Rupert Murdoch's biographer and Vanity Fair scribe Michael Wolff predicts that both Rupert Murdoch and his son James will be out of power at News Corp within sixty days, according to a Retuers report.


Wolff says that the recent phone-hacking and police bribery scandals that have roiled the company put the family's dominance at the company in doubt and may bring it entirely to an end. "To restore credibility and to restore trust to this company," he said, "the newspapers have to go and the Murdochs have to go."

He claims that the Murdoch name is now "toxic" and that if the company retains members of the Australian media dynasty at its helm, News Corp will face "a lifetime of litigation."

Today, James Murdoch has been recalled to testify a second time before Parliament over allegations that he knowingly made false statements during his previous testimony. Britain's Culture, Media, and Sport Committee has been tasked with investigating the purported violations of the public trust at News of the World, the Murdoch paper that closed its doors earlier this month amid allegations that it had hacked the voice mail of a murdered girl.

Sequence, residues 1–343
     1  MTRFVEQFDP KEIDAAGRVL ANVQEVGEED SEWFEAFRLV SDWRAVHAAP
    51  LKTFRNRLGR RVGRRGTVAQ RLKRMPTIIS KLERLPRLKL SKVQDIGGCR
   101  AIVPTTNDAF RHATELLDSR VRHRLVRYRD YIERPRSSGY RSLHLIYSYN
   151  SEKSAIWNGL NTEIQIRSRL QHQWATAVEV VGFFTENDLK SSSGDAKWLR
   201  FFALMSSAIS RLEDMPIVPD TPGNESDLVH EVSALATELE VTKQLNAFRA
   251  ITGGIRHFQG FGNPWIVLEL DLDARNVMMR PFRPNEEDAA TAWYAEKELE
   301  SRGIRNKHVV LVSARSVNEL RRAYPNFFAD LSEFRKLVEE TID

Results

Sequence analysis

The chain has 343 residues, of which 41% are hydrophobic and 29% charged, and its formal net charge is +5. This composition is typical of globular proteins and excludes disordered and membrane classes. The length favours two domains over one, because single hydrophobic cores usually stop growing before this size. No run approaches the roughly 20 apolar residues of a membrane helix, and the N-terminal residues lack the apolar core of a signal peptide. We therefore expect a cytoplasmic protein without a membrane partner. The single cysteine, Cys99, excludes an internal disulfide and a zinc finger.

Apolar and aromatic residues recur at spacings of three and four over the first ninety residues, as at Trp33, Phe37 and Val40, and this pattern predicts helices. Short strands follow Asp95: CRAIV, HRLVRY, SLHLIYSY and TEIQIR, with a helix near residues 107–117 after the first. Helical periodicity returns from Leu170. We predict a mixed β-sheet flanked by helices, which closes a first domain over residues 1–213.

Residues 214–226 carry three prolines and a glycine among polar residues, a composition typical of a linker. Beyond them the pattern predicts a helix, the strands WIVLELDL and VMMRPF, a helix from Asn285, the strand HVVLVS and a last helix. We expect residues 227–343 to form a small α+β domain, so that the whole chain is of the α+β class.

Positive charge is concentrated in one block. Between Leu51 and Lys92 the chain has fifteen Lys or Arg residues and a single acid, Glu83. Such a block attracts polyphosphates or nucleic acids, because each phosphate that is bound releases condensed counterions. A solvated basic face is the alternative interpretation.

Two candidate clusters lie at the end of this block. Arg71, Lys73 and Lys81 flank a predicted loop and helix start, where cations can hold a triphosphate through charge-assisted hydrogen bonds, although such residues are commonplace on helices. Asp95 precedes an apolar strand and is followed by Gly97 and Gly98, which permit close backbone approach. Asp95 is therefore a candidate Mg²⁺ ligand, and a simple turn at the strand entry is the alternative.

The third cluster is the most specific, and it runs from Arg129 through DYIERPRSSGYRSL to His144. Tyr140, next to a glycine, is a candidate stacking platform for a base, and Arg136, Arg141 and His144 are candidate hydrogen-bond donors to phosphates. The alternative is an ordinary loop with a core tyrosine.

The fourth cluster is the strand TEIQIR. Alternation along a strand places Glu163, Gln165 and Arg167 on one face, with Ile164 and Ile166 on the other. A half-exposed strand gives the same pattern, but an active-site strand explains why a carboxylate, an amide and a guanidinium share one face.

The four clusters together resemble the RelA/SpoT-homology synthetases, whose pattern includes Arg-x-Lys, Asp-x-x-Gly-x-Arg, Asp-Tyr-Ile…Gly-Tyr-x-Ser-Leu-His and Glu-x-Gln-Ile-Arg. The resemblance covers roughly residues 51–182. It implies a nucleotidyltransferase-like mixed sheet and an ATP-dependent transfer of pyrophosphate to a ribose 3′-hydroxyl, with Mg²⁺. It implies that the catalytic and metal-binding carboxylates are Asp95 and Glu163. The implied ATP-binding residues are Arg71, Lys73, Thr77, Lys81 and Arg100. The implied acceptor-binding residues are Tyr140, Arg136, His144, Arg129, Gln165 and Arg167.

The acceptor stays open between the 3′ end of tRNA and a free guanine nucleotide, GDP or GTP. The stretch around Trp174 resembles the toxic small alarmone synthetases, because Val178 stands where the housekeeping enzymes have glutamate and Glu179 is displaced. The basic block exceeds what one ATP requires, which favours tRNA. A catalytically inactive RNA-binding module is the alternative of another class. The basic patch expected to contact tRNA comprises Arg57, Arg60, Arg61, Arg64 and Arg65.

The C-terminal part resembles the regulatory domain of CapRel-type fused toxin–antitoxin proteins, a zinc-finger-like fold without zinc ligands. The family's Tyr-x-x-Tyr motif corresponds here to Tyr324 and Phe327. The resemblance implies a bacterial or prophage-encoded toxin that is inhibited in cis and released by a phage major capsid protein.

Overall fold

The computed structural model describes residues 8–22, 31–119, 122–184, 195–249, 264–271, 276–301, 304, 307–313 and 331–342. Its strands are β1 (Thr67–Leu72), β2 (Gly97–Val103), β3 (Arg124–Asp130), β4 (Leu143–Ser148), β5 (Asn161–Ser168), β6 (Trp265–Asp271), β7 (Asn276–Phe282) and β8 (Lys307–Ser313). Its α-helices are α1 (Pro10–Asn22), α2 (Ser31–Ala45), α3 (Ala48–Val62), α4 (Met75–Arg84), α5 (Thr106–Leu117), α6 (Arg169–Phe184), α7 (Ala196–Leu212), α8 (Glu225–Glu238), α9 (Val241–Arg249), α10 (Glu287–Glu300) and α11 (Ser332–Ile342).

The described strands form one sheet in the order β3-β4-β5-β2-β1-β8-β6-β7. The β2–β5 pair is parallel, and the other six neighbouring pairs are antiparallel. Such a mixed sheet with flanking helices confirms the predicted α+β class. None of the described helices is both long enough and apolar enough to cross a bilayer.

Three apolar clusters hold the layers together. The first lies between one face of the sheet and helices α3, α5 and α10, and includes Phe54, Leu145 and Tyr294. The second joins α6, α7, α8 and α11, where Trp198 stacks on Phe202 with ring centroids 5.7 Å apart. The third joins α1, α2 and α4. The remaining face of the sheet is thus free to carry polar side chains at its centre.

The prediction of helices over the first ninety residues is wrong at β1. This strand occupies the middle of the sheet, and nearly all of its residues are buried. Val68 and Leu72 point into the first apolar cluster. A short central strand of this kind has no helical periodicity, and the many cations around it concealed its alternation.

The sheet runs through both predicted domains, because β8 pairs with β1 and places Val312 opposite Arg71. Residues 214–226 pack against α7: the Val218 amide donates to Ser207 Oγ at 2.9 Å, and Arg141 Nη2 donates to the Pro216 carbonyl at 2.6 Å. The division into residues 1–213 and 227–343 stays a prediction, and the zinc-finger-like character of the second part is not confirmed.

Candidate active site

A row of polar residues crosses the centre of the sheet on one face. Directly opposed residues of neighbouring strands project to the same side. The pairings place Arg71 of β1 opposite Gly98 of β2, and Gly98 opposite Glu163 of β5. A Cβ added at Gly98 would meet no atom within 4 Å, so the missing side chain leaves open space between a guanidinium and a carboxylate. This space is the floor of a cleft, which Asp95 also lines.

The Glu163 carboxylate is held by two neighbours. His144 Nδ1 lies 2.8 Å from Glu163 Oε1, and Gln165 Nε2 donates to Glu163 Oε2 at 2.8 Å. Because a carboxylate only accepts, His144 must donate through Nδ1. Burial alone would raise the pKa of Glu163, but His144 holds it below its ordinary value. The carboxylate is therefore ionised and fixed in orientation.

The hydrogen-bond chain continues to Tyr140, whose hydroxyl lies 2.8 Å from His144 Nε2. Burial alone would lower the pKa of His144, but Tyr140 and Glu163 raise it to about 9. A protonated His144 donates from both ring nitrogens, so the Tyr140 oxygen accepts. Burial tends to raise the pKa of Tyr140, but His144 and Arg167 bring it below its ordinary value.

Allegations surfaced yesterday that former News of the World editor Rebekah Brooks had authorized the phone-tapping of yet another missing girl's mother. The story is particularly damning in that Brooks won the woman's trust and presented the cell phone to her as a gift, then ordered a private investigator to spy on her.

In his testimony before Parliament and throughout the unfolding scandal Rupert Murdoch has cagily insisted that he is a hands-on manager who is familiar with everything that goes on in his companies excluding anything illegal.

Michael Wolff spent years researching his biography of Murdoch, The Man Who Owns the News, which was published in 2008. In an interview on "Insider TV", he said, "I think actually the Murdochs have to and will step out of not only day-to-day running, but they won't have jobs within the company."